Children are instructed to -obey their parents in everything for this pleases the Lord.‖ Now there are two key words here: obey and please. The word -to please‖ means something that is enjoyable, acceptable, and that which makes someone happy. Obedient children make the heart of God to be filled with joy. So the ultimate motivation for children is not just the happiness or joy of their parents. It is the joy of Jesus.

The word obey is an important word. It is directly tied to both listening and acting. In other words obedience means that a child hears what Mom and Dad say, and then they act upon what is said. The Bible links hearing instruction, receiving instruction, and acting upon it.

So kids you need to realize that obedience means two key things: first, listening to what your Mom and Dad say, and secondly, doing what they say. Obedience requires both - hearing and action.

Kids I want you to treat the sound of your parents' voice and their instruction like a fire alarm not elevator music. Do you know what I mean? Elevator music is the soothing or annoying music in the background that you don't listen really listen to or even sing along. But a fire alarm is designed to move you to action. The difference between elevator music and a fire alarm is the importance of what it is trying to communicate. And your parents' instructions are really important.

I also want you to realize that being an obedient child communicates something incredibly powerful about you, your parents, and about Jesus. In a world of rampant disrespect, disobedience, and rebellion children who obey their parents send a powerful message to the world. Now my kids are far from perfect, but I cannot tell you how many times we have had people come up to us at a restaurant after they have observed us pray for our meal and enjoy our family time together. Respectful, obedient children are pleasing to the Lord.

And parents you need to communicate that your words are important. Now be balanced here, but be careful about repeating yourself so many times or counting 1-2-3 before you expect obedience. Eventually your children will learn that they really don't need to heed your words until you are serious. Help them and train them to value your words.

Children, listen and obey your parents. It is the way that you honor Jesus.

Loving and Gentle Men (vv 19, 21)

In verses 18 and 21 we see that men are addressed as both husbands and fathers. While the roles are different there is something consistent between them - a servant leadership. A godly husband and father is a gentle giant of a man. The strength of his person and his position become the platforms from which he dispenses love and gentleness.

First, it is important to understand that nature of a man's position in the home. The Bible calls men to a role of headship in the home.

3 But I want you to understand that the head of every man is Christ, the head of a wife is her husband, and the head of Christ is God (1 Cor 11:3).

23 For the husband is the head of the wife even as Christ is the head of the church, his body, and is himself its Savior (Eph 5:23).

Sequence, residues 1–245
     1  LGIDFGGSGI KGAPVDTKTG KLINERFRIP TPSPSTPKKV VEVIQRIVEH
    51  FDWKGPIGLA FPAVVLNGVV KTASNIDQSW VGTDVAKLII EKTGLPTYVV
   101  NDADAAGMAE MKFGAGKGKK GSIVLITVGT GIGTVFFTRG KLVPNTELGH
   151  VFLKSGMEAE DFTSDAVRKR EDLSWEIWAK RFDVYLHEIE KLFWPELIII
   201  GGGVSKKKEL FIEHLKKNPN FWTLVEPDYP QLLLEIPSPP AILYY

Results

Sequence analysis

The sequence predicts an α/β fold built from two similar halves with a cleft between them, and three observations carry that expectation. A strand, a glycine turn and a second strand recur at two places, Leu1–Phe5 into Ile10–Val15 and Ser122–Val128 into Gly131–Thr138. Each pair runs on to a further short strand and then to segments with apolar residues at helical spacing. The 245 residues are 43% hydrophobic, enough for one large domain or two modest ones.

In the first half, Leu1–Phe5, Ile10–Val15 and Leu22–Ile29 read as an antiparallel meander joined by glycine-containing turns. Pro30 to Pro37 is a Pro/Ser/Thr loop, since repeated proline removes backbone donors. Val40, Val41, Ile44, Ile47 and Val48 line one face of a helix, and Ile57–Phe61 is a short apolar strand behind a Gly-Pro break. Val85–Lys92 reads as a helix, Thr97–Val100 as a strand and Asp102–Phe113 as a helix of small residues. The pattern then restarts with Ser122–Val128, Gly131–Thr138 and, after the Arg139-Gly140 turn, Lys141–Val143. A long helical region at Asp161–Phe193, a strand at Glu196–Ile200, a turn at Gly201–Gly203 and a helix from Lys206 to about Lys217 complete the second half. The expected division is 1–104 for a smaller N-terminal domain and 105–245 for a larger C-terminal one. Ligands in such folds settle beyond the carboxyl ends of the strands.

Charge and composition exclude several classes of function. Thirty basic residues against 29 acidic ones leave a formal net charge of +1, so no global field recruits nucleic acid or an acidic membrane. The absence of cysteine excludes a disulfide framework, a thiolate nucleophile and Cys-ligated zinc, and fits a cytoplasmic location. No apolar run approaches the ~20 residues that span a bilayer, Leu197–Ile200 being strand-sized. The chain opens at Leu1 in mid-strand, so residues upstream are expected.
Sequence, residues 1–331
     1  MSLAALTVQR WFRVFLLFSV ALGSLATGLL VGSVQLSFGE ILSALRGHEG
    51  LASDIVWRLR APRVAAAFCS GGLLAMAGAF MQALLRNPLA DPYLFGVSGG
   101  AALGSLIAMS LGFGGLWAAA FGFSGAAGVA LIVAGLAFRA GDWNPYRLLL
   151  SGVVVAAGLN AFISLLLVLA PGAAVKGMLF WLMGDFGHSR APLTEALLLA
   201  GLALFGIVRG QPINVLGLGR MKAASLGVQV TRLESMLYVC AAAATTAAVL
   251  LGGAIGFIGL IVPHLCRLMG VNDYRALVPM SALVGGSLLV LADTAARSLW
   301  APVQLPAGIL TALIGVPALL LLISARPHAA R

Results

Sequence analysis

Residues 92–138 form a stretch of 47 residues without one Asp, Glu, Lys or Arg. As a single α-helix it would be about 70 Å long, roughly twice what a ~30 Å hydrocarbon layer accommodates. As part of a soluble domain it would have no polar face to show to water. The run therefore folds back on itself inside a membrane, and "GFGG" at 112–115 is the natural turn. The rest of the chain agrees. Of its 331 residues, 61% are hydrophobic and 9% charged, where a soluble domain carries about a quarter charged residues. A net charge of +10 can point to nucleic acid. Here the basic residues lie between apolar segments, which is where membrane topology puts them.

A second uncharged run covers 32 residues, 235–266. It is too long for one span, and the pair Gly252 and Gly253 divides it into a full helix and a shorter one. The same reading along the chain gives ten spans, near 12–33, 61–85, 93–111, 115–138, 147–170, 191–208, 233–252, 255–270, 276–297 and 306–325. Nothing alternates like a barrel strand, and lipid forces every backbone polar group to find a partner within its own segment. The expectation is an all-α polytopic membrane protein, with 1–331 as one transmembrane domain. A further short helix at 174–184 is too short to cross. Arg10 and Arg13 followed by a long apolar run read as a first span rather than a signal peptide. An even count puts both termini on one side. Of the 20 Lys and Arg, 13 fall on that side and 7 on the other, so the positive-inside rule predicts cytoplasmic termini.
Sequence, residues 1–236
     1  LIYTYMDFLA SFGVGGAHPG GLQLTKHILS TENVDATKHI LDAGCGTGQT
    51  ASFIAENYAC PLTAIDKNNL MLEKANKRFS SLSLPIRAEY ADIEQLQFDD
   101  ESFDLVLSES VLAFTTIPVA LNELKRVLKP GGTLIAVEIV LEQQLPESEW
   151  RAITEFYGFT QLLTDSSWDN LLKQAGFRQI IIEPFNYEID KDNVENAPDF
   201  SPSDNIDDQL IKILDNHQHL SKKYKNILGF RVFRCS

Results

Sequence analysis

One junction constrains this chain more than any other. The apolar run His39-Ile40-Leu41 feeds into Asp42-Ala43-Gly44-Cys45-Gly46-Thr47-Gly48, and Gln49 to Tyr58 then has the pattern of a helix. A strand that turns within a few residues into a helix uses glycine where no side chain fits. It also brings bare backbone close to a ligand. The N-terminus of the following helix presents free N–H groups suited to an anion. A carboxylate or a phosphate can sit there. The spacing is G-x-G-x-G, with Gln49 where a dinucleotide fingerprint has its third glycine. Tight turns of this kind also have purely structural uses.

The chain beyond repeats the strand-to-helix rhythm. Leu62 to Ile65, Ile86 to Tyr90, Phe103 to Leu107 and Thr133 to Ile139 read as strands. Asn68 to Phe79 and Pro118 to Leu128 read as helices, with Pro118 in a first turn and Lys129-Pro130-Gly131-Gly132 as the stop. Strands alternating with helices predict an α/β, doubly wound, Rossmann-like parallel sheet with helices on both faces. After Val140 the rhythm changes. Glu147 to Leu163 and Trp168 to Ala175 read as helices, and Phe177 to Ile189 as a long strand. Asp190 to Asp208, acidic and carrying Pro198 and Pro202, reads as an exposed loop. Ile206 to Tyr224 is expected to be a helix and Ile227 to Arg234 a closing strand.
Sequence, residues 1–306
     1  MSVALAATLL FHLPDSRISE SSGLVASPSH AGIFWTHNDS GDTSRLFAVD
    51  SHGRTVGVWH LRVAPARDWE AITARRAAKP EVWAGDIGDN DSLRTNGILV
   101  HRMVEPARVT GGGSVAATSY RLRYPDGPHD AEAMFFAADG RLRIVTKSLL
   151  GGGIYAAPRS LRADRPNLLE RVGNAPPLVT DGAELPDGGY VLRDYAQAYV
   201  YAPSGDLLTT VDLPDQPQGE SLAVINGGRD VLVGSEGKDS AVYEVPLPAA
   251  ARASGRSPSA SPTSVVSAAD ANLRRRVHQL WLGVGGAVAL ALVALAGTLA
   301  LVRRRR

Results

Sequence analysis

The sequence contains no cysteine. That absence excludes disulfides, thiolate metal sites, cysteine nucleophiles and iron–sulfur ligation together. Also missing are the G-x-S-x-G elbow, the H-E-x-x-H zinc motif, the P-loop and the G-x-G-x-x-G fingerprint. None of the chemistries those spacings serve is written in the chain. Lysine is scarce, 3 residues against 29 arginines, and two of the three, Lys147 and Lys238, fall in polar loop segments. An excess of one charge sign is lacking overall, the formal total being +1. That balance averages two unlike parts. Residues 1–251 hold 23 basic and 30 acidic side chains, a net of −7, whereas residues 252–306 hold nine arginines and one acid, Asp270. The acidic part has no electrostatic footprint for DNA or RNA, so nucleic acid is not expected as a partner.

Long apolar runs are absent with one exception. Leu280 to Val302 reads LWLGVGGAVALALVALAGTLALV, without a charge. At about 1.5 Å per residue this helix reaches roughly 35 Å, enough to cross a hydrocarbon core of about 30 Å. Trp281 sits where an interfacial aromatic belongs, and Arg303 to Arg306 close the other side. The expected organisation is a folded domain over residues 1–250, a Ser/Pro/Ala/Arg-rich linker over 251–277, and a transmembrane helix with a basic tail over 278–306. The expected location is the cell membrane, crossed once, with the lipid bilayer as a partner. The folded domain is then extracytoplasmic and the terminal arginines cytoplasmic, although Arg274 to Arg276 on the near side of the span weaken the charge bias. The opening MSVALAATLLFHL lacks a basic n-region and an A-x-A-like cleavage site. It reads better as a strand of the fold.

But what does this mean? It means that God has given man a unique (not better) role in providing a pace-setting model for his family. A man has been given the primary responsibility for leading a home. Now understand that this doesn't mean a solo responsibility. It means that a man has been given the call from God to be the initiator at home.

The headship of a man should neither be denied nor abused. Denying it would mean that as a husband you refuse to lead or as a wife you refuse to allow your husband to lead. Denying it would be to incorrectly link headship with value, determining that a husband and wife have equal and identical roles. To abuse it would be for a husband to view himself as the king of a castle and treat his family like subjects to be ruled. Further, it should not be confused with superiority. To be the leader doesn't mean that you are more valuable, intelligent, or even more competent. Spiritual leadership assumes none of that. But what it does assume is that you are responsible and you are taking initiative. Let me say it very plainly: Men, you cannot be passive.

At our marriage retreat two weeks ago, a husband asked me a great question. He said, -Mark, I'm a terrible planner, and my wife is excellent at it. How do I lead my home in planning when my wife is so much better at it?‖ My answer was, -I'm not suggesting that in order to be the leader in your home that you have do all the planning. But you need to be the one to determine that it's important and decide when you going to do it together. You take the initiative, set up the time, and utilize your wife's gifts. That's wise leadership.‖

Secondly, a man looks to Christ for his example and images Jesus in his role as husband and father. In what ways does he accomplish this? He does this by loving his wife. Verse 19 says that explicitly. However, there are two other texts that help us regarding this subject:

25 Husbands, love your wives, as Christ loved the church and gave himself up for her, 26 that he might sanctify her, having cleansed her by the washing of water with the word, 27 so that he might present the church to himself in splendor, without spot or wrinkle or any such thing, that she might be holy and without blemish. 28 In the same way husbands should love their wives as their own bodies. He who loves his wife loves himself (Eph 5:25-28).

7 Likewise, husbands, live with your wives in an understanding way, showing honor to the woman as the weaker vessel, since they are heirs with you of the grace of life, so that your prayers may not be hindered (1 Peter 3:7).

But the meaning is connected to how Jesus loved the church. Ephesians 5:25 is clear: -Husbands, love your wives as Christ loved the church and gave himself for her.‖ So a husband is to know Christ and his love for the church is such a way that it becomes his model for loving his wife.